Until yesterday, Earth was the only tectonically active planet we knew of in our Solar System - a unique trait that's been linked to our planet's ability to host life.
The evidence came from images captured by the MESSENGER spacecraft, which swooped in close to Mercury's surface during its last 18 months in orbit around the planet.
The photos showed previously undetected fault scarps - cliff-like landforms that resemble steps - on the smallest planet in our Solar System, and these scarps are small enough that scientists think they must be geologically young.
That suggests that Mercury is still contracting, and Earth is no longer the only tectonically active planet in the Solar System.
"The young age of the small scarps means that Mercury joins Earth as a tectonically active planet, with new faults likely forming today as Mercury's interior continues to cool and the planet contracts," said lead researcher Tom Watters, Smithsonian senior scientist at the National Air and Space Museum in Washington, DC.
You can see those scarps below:
The bad news is that, despite its tectonic activity, Mercury remains pretty uninhabitable to life as we know it.
With only an 88 Earth-day orbit around the Sun, pretty much no atmosphere, and temperature fluctuations ranging from –173 degrees Celsius (–280 degrees Fahrenheit) at night to a scorching 427 degrees Celsius (800 degrees Fahrenheit) during the day, Mercury isn't exactly an ideal spot for life to evolve.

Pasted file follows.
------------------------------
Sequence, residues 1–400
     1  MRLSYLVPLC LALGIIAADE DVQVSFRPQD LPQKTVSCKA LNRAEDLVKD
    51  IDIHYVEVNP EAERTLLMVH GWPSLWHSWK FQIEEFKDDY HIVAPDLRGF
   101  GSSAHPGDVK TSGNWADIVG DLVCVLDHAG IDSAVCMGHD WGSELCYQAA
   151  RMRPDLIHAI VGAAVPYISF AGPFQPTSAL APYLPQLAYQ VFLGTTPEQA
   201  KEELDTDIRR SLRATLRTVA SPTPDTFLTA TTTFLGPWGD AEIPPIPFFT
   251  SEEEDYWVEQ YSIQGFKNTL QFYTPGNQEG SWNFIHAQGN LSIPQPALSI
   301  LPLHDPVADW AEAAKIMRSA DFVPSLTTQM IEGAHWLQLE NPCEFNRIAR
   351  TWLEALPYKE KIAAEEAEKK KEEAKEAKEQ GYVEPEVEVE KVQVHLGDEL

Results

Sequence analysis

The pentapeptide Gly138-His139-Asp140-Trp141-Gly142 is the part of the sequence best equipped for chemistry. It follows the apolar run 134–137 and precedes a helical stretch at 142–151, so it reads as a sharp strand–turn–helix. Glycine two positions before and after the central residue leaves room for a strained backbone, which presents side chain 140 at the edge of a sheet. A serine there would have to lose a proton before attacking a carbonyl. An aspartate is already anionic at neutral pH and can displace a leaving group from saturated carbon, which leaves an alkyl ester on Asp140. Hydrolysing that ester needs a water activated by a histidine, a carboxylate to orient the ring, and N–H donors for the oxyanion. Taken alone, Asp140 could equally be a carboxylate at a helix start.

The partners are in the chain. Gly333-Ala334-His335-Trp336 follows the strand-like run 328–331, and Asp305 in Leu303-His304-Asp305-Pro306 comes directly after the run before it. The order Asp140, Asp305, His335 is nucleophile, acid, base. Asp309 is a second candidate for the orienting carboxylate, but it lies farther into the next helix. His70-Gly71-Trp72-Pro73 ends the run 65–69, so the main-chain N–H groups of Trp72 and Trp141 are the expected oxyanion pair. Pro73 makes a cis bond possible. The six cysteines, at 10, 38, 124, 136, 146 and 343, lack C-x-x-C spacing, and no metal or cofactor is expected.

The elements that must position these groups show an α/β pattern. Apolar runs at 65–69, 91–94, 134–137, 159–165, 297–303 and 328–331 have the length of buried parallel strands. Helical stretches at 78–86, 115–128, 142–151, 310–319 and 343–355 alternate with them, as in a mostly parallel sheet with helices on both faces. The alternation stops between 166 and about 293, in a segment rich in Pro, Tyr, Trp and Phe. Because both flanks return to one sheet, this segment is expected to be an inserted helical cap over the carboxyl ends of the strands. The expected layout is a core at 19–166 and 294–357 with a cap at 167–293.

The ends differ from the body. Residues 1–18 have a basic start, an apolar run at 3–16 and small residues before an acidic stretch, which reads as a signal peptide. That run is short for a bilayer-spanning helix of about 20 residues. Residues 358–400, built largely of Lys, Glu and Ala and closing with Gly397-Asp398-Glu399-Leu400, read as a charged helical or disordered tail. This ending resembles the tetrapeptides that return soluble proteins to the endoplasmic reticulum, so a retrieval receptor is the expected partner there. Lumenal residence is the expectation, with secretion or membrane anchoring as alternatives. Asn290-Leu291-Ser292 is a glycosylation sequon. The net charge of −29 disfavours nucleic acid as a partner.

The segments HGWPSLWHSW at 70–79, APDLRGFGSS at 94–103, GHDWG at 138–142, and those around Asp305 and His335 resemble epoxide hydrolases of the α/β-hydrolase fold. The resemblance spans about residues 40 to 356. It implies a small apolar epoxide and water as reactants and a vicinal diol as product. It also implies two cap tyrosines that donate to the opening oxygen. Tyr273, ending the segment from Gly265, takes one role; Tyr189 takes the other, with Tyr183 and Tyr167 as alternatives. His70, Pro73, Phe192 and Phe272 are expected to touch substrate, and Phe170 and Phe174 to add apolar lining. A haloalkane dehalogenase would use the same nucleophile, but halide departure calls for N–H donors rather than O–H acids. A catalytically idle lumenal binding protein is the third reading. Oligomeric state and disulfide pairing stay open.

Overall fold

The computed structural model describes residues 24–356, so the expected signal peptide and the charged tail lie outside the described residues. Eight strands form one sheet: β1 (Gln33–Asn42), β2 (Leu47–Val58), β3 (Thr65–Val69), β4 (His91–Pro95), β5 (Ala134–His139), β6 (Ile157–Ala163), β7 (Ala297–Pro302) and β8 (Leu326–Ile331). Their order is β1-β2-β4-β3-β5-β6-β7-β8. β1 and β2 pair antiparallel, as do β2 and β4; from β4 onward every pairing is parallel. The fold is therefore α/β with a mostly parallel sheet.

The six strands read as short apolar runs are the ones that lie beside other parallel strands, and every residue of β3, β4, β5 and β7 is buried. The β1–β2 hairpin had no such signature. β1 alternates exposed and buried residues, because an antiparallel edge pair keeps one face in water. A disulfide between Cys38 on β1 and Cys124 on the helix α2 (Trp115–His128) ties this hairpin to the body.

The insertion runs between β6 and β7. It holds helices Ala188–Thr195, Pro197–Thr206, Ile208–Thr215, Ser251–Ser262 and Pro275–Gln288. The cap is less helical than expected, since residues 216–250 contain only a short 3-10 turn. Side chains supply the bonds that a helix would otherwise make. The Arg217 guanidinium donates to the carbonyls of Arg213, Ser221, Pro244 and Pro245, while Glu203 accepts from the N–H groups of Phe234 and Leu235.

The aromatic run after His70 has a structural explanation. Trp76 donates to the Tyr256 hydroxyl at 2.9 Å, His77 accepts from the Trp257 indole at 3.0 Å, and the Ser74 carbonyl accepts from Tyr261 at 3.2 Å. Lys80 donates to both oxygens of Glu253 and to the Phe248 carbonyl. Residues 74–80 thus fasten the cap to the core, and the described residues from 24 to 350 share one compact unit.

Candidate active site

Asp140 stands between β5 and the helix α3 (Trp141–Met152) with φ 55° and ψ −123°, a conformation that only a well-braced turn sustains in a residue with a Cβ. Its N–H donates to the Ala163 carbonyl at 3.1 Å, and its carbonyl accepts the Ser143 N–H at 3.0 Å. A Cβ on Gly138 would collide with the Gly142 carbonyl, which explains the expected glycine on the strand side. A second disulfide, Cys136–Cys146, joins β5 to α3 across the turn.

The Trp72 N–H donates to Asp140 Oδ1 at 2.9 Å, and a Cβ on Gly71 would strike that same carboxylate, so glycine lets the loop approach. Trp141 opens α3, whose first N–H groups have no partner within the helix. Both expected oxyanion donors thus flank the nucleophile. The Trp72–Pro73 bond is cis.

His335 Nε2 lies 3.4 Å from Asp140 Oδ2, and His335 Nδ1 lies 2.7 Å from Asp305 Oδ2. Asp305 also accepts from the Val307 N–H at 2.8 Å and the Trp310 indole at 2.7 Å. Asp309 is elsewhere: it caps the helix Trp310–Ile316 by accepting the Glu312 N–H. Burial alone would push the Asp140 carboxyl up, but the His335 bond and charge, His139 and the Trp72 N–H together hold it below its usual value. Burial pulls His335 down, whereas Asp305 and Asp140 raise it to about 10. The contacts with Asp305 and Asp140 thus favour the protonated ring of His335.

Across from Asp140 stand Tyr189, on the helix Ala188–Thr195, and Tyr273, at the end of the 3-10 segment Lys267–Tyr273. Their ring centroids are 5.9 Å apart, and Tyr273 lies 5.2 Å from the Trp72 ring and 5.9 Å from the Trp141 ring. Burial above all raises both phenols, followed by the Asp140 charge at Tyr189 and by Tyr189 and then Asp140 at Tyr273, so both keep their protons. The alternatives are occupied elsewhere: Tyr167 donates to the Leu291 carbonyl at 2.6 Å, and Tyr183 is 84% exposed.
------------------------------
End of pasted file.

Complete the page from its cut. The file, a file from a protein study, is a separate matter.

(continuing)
But the good news in all of this is that by better understanding this tectonic activity on Mercury, we're going to gain better insight into where it occurs, and how to spot it - potentially on worlds far beyond our Solar System.
Europa's tectonic activity hasn't been confirmed, but as far as we can tell, Europa seems to be a much better candidate for hosting life than Mercury is. That's because it's believed Europa's tidal lock with Jupiter keeps its subsurface oceans warm enough to stay liquid.
(But being a moon, that still makes Mercury the first planet in our Solar System other than Earth to have suspected tectonic activity.)
The team will now continue to investigate Mercury's global magnetic field and surface activity to try to figure out more of what's occurring on the planet - there's also been evidence that the planet also experiences quakes, just like Earth does.
"This is why we explore," said NASA planetary science director Jim Green. "For years, scientists believed that Mercury's tectonic activity was in the distant past. It's exciting to consider that this small planet - not much larger than Earth's moon - is active even today."
The findings have been published in Nature Geoscience.